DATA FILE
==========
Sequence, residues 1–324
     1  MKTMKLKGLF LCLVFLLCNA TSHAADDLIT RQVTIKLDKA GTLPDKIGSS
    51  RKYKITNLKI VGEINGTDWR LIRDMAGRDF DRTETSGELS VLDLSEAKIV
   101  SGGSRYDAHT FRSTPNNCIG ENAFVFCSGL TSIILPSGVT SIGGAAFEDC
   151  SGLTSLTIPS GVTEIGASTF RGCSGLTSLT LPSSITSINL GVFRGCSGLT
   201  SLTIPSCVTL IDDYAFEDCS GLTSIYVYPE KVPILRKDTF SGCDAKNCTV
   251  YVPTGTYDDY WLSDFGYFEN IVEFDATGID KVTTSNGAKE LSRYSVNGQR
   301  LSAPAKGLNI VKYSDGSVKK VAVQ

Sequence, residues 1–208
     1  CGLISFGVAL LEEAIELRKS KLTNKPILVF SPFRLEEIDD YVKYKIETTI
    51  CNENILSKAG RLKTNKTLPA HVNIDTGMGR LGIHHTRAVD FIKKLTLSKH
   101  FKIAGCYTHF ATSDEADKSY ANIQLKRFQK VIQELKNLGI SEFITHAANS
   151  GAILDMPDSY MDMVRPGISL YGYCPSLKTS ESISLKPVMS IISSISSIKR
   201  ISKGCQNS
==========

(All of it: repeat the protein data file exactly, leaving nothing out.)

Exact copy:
Sequence, residues 1–324
     1  MKTMKLKGLF LCLVFLLCNA TSHAADDLIT RQVTIKLDKA GTLPDKIGSS
    51  RKYKITNLKI VGEINGTDWR LIRDMAGRDF DRTETSGELS VLDLSEAKIV
   101  SGGSRYDAHT FRSTPNNCIG ENAFVFCSGL TSIILPSGVT SIGGAAFEDC
   151  SGLTSLTIPS GVTEIGASTF RGCSGLTSLT LPSSITSINL GVFRGCSGLT
   201  SLTIPSCVTL IDDYAFEDCS GLTSIYVYPE KVPILRKDTF SGCDAKNCTV
   251  YVPTGTYDDY WLSDFGYFEN IVEFDATGID KVTTSNGAKE LSRYSVNGQR
   301  LSAPAKGLNI VKYSDGSVKK VAVQ

Sequence, residues 1–208
     1  CGLISFGVAL LEEAIELRKS KLTNKPILVF SPFRLEEIDD YVKYKIETTI
    51  CNENILSKAG RLKTNKTLPA HVNIDTGMGR LGIHHTRAVD FIKKLTLSKH
   101  FKIAGCYTHF ATSDEADKSY ANIQLKRFQK VIQELKNLGI SEFITHAANS
   151  GAILDMPDSY MDMVRPGISL YGYCPSLKTS ESISLKPVMS IISSISSIKR
   201  ISKGCQNS